The signs of the radii follow the Cartesian sign convention.
A point source as imaged by a system with negative (top row), zero (middle row), and positive spherical aberration (bottom row). The middle column shows the focused image, columns to the left shows defocusing toward the inside, and columns to the right show defocusing toward the outside.

For small telescopes using spherical mirrors with focal ratios shorter than f/10, light from a distant point source (such as a star) is not all focused at the same point. Particularly, light striking the inner part of the mirror focuses farther from the mirror than light striking the outer part. As a result, the image cannot be focused as sharply as if the aberration were not present. Because of spherical aberration, telescopes with focal ratio less than f/10 are usually made with non-spherical mirrors or with correcting lenses.

In 2018, Rafael G. González-Acuña and Héctor A. Chaparro-Romo, graduate students at the National Autonomous University of Mexico and the Monterrey Institute of Technology and Higher Education, found an algebraic solution to the problem of designing a lens that is free of spherical aberration.[1][2][3]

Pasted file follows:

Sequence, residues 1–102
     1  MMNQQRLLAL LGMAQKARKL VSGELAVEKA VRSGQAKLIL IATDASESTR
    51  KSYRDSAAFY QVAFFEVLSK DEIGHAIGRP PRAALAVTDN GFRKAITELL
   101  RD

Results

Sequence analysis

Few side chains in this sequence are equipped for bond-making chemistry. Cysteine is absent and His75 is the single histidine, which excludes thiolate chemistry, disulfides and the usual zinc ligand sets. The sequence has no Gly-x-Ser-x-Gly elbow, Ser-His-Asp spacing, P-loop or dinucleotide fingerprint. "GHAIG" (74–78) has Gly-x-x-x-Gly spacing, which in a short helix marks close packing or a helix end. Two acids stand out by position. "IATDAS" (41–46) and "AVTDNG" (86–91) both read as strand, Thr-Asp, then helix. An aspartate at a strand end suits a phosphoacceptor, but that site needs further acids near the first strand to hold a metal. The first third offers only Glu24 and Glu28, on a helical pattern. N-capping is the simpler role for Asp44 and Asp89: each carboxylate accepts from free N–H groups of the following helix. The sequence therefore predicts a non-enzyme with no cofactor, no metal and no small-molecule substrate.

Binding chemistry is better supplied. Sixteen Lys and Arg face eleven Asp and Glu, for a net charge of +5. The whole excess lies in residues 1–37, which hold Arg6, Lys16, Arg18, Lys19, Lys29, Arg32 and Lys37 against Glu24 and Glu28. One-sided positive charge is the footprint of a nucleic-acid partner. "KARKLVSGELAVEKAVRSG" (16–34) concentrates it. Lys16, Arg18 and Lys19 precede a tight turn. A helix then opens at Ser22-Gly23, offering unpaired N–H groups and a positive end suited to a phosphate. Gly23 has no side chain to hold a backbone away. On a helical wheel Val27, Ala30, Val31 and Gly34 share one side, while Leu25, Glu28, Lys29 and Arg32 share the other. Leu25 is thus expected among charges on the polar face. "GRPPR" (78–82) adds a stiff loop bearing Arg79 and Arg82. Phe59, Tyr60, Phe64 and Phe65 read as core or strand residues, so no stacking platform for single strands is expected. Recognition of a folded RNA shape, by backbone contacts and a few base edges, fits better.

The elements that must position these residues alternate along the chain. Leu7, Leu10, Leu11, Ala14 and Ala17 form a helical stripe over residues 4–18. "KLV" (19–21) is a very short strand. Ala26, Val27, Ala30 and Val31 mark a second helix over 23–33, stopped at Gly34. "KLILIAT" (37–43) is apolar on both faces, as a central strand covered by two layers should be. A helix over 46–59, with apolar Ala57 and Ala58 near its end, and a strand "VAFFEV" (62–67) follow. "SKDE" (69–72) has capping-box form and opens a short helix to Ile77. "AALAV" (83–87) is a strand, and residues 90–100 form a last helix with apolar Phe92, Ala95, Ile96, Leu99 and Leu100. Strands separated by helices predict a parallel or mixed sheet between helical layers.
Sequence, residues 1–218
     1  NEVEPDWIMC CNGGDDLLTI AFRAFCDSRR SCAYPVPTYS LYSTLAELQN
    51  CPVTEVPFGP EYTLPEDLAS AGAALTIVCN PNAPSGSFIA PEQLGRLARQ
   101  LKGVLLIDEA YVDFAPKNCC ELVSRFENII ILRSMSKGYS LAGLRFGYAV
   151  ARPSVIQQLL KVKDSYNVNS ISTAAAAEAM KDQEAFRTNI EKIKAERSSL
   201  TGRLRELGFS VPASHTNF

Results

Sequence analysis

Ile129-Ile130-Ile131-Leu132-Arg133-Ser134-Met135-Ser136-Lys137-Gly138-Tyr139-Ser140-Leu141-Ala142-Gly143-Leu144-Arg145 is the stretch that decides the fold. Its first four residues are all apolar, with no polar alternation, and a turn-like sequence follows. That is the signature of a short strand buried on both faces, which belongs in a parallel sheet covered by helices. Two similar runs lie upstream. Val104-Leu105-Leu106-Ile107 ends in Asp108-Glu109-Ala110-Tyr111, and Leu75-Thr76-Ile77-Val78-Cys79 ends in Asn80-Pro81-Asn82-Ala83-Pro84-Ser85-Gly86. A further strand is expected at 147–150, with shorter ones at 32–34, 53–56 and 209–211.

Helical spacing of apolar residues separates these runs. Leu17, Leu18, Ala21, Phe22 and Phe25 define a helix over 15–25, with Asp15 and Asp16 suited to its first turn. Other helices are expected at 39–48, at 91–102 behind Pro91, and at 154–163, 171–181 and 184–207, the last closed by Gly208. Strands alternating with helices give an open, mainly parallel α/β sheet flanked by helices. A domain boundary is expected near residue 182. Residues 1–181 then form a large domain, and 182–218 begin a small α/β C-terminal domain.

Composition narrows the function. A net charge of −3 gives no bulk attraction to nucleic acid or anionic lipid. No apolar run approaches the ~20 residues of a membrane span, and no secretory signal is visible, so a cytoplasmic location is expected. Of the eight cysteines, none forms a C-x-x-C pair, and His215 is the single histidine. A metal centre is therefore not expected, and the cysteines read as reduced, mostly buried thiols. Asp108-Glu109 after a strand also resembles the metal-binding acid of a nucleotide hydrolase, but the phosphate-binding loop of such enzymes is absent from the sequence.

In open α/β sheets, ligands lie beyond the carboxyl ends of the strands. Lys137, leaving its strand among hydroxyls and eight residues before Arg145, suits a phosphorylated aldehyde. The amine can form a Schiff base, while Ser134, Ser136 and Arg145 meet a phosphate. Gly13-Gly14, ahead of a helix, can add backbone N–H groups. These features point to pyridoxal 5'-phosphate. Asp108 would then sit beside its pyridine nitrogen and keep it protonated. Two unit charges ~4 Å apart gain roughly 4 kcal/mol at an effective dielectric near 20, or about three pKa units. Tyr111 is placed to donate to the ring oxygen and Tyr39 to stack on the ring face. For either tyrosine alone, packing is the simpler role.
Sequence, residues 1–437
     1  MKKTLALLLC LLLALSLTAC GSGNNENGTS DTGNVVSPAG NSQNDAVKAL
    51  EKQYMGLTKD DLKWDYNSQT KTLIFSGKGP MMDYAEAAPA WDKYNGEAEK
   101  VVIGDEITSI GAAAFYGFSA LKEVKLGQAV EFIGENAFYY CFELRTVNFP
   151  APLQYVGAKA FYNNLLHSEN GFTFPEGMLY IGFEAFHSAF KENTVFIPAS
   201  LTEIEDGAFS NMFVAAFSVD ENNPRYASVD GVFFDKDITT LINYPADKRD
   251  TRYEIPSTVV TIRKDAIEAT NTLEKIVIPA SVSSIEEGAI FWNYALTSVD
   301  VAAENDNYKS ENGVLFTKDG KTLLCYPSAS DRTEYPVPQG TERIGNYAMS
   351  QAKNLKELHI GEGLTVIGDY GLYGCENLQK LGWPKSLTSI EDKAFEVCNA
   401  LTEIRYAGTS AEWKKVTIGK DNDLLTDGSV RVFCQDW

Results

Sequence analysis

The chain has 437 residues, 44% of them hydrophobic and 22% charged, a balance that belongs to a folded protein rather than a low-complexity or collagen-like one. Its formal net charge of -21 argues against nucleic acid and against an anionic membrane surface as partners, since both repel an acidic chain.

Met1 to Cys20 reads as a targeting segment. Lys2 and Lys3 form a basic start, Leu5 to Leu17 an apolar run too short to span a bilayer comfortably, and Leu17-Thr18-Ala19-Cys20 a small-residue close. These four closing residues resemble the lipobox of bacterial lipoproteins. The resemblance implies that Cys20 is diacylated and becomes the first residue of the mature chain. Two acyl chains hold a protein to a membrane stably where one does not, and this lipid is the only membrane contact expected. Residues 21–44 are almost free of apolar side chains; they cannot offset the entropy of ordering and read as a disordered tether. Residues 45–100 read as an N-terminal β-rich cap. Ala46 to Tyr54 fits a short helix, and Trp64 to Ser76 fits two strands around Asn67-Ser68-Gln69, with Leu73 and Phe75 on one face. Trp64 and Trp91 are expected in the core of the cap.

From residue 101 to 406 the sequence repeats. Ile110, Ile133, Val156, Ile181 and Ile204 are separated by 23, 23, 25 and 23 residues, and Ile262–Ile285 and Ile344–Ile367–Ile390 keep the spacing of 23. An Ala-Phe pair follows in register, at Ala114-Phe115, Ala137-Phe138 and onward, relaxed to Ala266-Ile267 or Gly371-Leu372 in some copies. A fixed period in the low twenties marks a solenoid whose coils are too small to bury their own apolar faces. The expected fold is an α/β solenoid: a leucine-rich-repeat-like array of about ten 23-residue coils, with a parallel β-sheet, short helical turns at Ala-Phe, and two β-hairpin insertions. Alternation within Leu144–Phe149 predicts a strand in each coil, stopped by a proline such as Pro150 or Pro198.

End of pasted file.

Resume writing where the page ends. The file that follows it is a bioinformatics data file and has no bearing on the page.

Estimation of the aberrated spot diameterEdit

Many ways to estimate the diameter of the focused spot due to spherical aberration are based on ray optics. Ray optics, however, does not consider that light is an electromagnetic wave. Therefore, the results can be wrong due to interference effects.

Coddington notationEdit

A rather simple formalism based on ray optics, which holds for thin lenses only, is the Coddington notation.[4] In the following, n is the lens' refractive index, o is the object distance, i is the image distance, h is the distance from the optical axis at which the outermost ray enters the lens,   is the first lens radius,   is the second lens radius, and f is the lens' focal length. The distance h can be understood as half of the clear aperture.

By using the Coddington factors for shape, s, and position, p,


one can write the longitudinal spherical aberration as [4]


If the focal length, f, is very much larger than the longitudinal spherical aberration, LSA, then the transverse spherical aberration, TSA, which corresponds to the diameter of the focal spot is given by


See alsoEdit


  1. ^ Machuca, Eduardo (July 5, 2019). "Goodbye Aberration: Physicist Solves 2,000-Year-Old Optical Problem". PetaPixel. Retrieved July 10, 2019.
  2. ^ González-Acuña, Rafael G.; Chaparro-Romo, Héctor A. "General formula for bi-aspheric singlet lens design free of spherical aberration". Applied Optics. 57 (31): 9341–9345. doi:10.1364/AO.57.009341.
  3. ^ Liszewski, Andrew (August 7, 2019). "A Mexican Physicist Solved a 2,000-Year Old Problem That Will Lead to Cheaper, Sharper Lenses". Gizmodo. Retrieved August 7, 2019.
  4. ^ a b Smith, T. T. (1922). "Spherical Aberration in thin lenses". Scientific Papers of the Bureau of Standards. 18: 559–584.

External linksEdit